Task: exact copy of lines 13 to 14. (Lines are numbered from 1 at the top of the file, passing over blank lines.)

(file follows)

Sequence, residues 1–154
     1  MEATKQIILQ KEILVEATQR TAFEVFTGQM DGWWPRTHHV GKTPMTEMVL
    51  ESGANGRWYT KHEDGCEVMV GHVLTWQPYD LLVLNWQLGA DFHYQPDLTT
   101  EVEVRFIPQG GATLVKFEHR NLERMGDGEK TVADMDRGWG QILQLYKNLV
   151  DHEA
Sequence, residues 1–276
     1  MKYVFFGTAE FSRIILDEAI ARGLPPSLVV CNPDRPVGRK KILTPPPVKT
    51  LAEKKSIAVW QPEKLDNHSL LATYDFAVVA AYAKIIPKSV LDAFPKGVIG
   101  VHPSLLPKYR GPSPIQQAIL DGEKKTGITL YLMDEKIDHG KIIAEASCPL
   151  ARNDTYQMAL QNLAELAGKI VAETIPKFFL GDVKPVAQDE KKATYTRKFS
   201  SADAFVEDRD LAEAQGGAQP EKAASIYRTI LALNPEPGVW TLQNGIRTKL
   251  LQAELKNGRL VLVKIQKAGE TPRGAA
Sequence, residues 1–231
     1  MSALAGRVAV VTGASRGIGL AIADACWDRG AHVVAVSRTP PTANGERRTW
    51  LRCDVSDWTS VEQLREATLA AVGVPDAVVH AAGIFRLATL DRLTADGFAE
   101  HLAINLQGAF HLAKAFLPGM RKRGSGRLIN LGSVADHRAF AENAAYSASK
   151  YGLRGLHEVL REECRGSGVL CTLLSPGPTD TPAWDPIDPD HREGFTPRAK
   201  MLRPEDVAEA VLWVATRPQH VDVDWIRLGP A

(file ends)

Sequence, residues 1–231
     1  MSALAGRVAV VTGASRGIGL AIADACWDRG AHVVAVSRTP PTANGERRTW